Why Were You Born?

Conversion to Christianity can be described in a few different ways.

But my favorite way of describing my launch into salvation is that I was “born again.” Surely, you recognize this term as originating with Jesus. He taught that only being born once was not sufficient to gain entrance into God’s Kingdom. You must be born again.

Soon after beginning to follow Christ, reality set in that I had been born again for a purpose. His Words were pointing me to serve the One who saved me. I became cognizant that God’s call upon those in Christ was to lead. But the particular sphere of leadership He has called us towards is paradoxical to the typical mindset of this world. A spirit of servanthood is necessary for God to be glorified by our works.


The servanthood of Jesus provides us with the most excellent leadership model of all time.

His love, humility and the willingness to sacrifice are readily seen. We tend to focus more on humility than His other characteristics during Christmas. Think of how He humbly wrapped Himself in human flesh and blood. Humility is paramount in His birth, life, and death. Even His post-resurrection appearances displayed humility. He could have revealed Himself to Pilate, Annas, or Caiaphas and proved to them personally how wrong they had been. Instead, we find Him humbly seeking out those who were receptive to His message and ministry.

According to New Testament usage, the words servant and minister are synonymous.

There we find the two most commonly used Greek words interpreted as servant or minister are doulos and diakonos. Doulos is defined as a bond-slave or love-slave, while diakonos (this is the root of our English word, deacon) is a servant as represented in the activities he pursues. So with these original meanings, we understand that a New Testament servant or minister is one who serves, not out of fear but out of love, not as a hired hand but as one called by God.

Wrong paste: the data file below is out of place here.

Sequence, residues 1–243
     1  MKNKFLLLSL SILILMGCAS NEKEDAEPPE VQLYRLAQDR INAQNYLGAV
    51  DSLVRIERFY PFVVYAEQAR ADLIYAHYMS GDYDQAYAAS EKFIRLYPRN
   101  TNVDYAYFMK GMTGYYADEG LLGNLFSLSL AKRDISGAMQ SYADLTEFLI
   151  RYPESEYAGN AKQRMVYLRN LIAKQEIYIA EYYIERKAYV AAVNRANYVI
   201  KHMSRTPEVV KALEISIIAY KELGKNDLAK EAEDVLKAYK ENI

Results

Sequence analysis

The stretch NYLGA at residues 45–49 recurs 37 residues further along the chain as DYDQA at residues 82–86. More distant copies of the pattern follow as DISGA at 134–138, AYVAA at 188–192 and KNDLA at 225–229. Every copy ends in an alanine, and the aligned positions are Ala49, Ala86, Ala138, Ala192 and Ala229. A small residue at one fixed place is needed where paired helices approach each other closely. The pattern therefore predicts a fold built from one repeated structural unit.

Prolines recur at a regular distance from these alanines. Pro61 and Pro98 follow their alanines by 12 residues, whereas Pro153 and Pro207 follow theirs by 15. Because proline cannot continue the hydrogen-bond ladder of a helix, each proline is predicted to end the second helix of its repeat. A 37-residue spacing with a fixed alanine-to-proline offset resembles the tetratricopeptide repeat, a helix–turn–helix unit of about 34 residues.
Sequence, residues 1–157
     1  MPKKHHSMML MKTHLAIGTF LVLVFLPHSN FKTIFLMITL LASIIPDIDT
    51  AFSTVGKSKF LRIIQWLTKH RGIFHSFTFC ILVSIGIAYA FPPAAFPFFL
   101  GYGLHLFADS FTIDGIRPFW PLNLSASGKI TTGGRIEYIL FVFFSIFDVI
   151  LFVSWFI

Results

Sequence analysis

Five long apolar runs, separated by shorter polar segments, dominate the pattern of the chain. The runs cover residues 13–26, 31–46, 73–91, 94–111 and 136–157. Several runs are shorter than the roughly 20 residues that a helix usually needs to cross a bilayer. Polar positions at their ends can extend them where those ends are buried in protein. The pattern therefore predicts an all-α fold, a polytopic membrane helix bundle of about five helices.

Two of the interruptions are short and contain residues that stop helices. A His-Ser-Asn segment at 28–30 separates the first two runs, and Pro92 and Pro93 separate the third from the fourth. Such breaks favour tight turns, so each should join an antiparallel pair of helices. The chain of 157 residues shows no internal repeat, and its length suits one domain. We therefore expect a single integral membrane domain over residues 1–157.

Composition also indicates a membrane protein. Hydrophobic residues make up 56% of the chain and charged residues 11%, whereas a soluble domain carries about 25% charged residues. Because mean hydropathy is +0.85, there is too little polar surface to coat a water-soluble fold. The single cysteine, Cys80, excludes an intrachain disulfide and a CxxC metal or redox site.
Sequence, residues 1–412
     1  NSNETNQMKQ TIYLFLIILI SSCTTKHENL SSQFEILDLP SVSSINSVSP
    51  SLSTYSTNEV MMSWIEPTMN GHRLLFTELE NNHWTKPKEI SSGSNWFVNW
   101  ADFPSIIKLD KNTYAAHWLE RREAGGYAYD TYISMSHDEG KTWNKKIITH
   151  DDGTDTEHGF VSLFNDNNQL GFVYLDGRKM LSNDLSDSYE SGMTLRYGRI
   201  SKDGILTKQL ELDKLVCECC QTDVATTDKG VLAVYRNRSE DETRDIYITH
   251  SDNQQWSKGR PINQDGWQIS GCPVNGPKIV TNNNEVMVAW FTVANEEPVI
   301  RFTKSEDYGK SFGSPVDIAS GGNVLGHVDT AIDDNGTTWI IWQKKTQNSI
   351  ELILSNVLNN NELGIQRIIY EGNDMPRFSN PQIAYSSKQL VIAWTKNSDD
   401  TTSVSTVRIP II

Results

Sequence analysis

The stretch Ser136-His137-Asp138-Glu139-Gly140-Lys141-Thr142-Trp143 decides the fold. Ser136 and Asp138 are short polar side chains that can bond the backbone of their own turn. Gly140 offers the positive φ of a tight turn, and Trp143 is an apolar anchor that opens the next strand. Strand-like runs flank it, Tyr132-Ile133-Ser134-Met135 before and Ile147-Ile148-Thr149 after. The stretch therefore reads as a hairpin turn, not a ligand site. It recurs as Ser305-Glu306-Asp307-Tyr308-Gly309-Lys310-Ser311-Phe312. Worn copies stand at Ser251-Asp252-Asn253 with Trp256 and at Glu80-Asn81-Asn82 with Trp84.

The present-day view of leadership from the secular perspective stands in contrast.

It appears motives are rarely questioned. Many people are hurt by those who aspire to greatness through wrong motives such as greed, lust, selfish ambition, applause, power, prestige, and self-fulfillment. This all too common view of greatness is not true servanthood. Prevalent in our society is an attitude that to make it to the top, one must be willing to aggressively challenge and defeat all who get in the way. Those who adopt this view have an arrogant, self-assertive personality.

Perhaps you have heard of this rat race. The problem is even though you might be the winning rat, you’re still a rat. Drastically different is Jesus’ standard of greatness: “And whosoever of you will be the chiefest (greatest), shall be servant of all” (Mark 10:44). According to Jesus, to be great is to be a servant. You must be born again with Christ’s characteristics of love, humility, and the willingness to sacrifice to be capable of authentic Christian service.

All of this thinking about servanthood and servants of the Lord has kept an old chorus recurring in my head. Perhaps you know these lyrics written by Bud Chambers. “I was made in His likeness, created in his image, for I was born to serve the Lord. I will not deny Him, I will always walk beside Him, for I was born to serve the Lord.”

Lisa and I are blessed to serve our Lord alongside so many of you. It’s evident to us that “the birth of Jesus made possible not just a new way of understanding life but a new way of living it” (Frederick Buechner). We were, in fact, born again to serve the Lord. And as we are reflecting upon the One who was born to serve and save us all, we wish you a very Merry Christmas!

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